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Chargers owner Dean Spanos subsequently confirmed the team’s plans in a letter posted to the team’s website and to their renamed Twitter account -- with the change from "San Diego Chargers" to "Los Angeles Chargers" -- on Thursday morning. The team also unveiled a new logo.
“After much deliberation, I have made the decision to relocate the Chargers to Los Angeles, beginning with the 2017 NFL season," Spanos said in part. "San Diego has been our home for 56 years. It will always be part of our identity, and my family and I have nothing but gratitude and appreciation for the support and passion our fans have shared with us over the years. But today, we turn the page and begin an exciting new era as the Los Angeles Chargers."
The Chargers had until a league-mandated deadline of Tuesday to make a decision on their future.
The move comes after Spanos told NFL Commissioner Roger Goodell, other league officials and a few team owners of his intentions following the committee meetings Wednesday, sources informed of the situation told NFL Network's Ian Rapoport. During those meetings, the Chargers were barely a topic and the league did not offer any additional money to contribute to their stadium efforts.
As NFL.com reminded readers, in November, San Diego voters rejected a ballot measure that would have raised hotel occupancy taxes to help pay for a proposed $1.8 billion downtown stadium project. Ultimately, Spanos, San Diego Mayor Kevin Faulconer and other city and county officials failed to agree upon a stadium plan that would have kept the franchise in San Diego.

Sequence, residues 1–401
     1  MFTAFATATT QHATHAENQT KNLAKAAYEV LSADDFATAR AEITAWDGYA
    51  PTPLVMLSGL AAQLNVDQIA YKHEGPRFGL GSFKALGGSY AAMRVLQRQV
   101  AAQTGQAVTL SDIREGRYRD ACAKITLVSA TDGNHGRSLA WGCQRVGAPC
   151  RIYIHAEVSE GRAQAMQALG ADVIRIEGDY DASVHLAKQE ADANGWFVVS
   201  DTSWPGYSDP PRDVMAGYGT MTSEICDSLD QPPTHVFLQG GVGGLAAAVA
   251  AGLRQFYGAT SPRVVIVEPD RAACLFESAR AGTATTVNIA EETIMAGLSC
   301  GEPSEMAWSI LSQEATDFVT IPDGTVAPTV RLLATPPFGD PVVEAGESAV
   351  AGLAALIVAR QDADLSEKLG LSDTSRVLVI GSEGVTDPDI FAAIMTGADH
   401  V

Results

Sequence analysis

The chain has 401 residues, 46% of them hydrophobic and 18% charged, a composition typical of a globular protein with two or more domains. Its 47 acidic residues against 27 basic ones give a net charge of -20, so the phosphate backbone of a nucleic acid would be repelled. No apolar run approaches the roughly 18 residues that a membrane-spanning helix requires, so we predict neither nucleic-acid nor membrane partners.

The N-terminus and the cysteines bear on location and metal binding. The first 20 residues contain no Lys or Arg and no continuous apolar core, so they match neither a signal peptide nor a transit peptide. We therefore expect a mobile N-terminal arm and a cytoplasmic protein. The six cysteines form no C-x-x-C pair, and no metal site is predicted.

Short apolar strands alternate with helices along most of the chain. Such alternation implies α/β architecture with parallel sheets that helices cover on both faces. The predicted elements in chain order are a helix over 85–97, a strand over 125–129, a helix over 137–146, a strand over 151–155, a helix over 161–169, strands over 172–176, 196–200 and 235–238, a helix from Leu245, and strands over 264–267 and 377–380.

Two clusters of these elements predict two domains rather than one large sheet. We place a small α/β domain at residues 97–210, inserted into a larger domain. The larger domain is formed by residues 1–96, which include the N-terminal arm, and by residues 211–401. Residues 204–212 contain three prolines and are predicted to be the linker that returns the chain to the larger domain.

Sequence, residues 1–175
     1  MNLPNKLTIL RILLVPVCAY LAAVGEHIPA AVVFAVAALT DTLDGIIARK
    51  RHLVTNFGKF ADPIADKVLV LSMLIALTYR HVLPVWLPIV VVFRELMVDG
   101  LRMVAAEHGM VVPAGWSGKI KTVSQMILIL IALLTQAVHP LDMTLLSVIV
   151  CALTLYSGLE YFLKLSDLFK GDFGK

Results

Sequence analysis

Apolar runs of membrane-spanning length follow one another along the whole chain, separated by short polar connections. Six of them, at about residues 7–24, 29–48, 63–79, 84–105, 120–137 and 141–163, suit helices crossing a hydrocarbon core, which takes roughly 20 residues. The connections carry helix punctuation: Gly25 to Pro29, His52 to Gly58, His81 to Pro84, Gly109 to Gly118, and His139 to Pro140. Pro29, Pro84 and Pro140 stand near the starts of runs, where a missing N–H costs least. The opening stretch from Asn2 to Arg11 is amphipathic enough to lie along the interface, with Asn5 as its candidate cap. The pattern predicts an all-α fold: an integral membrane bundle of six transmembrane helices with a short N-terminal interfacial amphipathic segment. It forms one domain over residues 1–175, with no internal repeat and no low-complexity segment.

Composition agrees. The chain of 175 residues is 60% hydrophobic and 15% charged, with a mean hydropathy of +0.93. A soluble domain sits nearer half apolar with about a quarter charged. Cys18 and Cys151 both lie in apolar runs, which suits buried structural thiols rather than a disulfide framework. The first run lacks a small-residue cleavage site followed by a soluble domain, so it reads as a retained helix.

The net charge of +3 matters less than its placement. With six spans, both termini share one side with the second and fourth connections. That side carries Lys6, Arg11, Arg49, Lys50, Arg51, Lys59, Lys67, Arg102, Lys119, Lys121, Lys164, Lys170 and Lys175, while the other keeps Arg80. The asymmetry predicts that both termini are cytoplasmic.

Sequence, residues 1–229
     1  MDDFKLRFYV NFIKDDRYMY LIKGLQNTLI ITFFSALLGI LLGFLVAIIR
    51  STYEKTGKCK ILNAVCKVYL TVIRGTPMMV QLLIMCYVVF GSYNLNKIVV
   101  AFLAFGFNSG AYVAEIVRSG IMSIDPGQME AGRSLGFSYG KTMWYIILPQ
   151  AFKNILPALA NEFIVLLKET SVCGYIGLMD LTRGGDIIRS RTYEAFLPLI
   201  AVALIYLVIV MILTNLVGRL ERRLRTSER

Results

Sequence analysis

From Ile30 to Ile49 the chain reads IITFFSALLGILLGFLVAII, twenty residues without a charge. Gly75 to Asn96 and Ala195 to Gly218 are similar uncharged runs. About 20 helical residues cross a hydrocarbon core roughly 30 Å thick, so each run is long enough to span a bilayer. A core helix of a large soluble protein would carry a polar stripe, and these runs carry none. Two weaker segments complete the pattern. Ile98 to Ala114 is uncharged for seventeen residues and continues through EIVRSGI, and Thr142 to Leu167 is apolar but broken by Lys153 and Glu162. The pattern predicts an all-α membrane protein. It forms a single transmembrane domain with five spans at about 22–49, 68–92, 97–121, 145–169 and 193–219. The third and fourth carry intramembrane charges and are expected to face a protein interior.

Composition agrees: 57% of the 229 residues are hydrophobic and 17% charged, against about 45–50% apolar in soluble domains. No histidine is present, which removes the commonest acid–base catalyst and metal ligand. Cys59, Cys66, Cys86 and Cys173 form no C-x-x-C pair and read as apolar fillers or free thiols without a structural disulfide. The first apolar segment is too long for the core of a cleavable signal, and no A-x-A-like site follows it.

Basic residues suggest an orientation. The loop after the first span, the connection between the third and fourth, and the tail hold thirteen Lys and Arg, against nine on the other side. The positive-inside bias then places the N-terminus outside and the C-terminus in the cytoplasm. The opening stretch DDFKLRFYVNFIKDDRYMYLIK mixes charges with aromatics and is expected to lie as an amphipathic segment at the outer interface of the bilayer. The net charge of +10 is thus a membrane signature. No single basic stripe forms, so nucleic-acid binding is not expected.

Goodell acknowledged last month at the Winter League Meeting that "no great progress" had been made in finding a stadium solution in San Diego and owners were not optimistic about the Chargers' future in the city.
Last month, the Chargers agreed to lease a portion of an Orange County office facility as part of their preparations for a potential L.A. move.
The Costa Mesa, California, location will be the Chargers' new front-office home, the team previously confirmed. The Chargers would eventually play their home games roughly 40 miles north in Inglewood at a stadium facility they would share with the Rams. They would also have offices at the Inglewood stadium, which is under construction and slated to open in 2019.
The Chargers have until May 1 to terminate their lease with Qualcomm Stadium and with their training facility. They also now owe a $12 million termination fee to the city and will have to be out of Chargers Park by July 1.
As for where in the L.A. area they might play in 2017, the 30,000-seat StubHub Center in Carson will serve as the team's temporary home until the Inglewood stadium is built.
The decision to move ends the Chargers' 55-year stint in San Diego, but it's not the first time the team has played in L.A. During their inaugural season in 1960, the then-American Football League franchise played in Los Angeles before moving to San Diego the following season.
As it stands, the Los Angeles market will play host to two NFL teams in 2017 for the first time since 1994, when the Raiders and Rams left for Oakland and St. Louis, respectively. The Rams returned to L.A. last January.